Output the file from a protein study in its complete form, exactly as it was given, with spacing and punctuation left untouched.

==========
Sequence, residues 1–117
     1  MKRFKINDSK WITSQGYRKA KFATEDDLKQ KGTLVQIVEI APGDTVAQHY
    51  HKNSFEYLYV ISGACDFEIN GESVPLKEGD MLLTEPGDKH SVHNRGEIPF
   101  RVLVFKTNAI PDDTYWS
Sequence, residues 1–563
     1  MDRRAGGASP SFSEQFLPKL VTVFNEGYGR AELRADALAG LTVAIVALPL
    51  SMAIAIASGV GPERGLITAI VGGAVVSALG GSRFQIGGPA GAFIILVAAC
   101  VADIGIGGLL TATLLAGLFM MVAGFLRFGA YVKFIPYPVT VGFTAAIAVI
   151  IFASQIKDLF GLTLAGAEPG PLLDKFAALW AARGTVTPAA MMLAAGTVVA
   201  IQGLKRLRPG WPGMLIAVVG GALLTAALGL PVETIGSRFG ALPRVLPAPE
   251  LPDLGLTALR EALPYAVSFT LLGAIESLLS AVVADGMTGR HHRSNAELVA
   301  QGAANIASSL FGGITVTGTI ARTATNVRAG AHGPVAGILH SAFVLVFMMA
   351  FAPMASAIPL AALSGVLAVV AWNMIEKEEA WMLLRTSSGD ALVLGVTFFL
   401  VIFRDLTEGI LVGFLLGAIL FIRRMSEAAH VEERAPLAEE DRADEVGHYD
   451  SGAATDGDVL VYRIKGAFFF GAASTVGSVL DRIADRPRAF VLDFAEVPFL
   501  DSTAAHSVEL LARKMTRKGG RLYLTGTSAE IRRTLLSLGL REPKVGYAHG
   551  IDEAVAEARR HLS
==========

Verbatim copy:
Sequence, residues 1–117
     1  MKRFKINDSK WITSQGYRKA KFATEDDLKQ KGTLVQIVEI APGDTVAQHY
    51  HKNSFEYLYV ISGACDFEIN GESVPLKEGD MLLTEPGDKH SVHNRGEIPF
   101  RVLVFKTNAI PDDTYWS
Sequence, residues 1–563
     1  MDRRAGGASP SFSEQFLPKL VTVFNEGYGR AELRADALAG LTVAIVALPL
    51  SMAIAIASGV GPERGLITAI VGGAVVSALG GSRFQIGGPA GAFIILVAAC
   101  VADIGIGGLL TATLLAGLFM MVAGFLRFGA YVKFIPYPVT VGFTAAIAVI
   151  IFASQIKDLF GLTLAGAEPG PLLDKFAALW AARGTVTPAA MMLAAGTVVA
   201  IQGLKRLRPG WPGMLIAVVG GALLTAALGL PVETIGSRFG ALPRVLPAPE
   251  LPDLGLTALR EALPYAVSFT LLGAIESLLS AVVADGMTGR HHRSNAELVA
   301  QGAANIASSL FGGITVTGTI ARTATNVRAG AHGPVAGILH SAFVLVFMMA
   351  FAPMASAIPL AALSGVLAVV AWNMIEKEEA WMLLRTSSGD ALVLGVTFFL
   401  VIFRDLTEGI LVGFLLGAIL FIRRMSEAAH VEERAPLAEE DRADEVGHYD
   451  SGAATDGDVL VYRIKGAFFF GAASTVGSVL DRIADRPRAF VLDFAEVPFL
   501  DSTAAHSVEL LARKMTRKGG RLYLTGTSAE IRRTLLSLGL REPKVGYAHG
   551  IDEAVAEARR HLS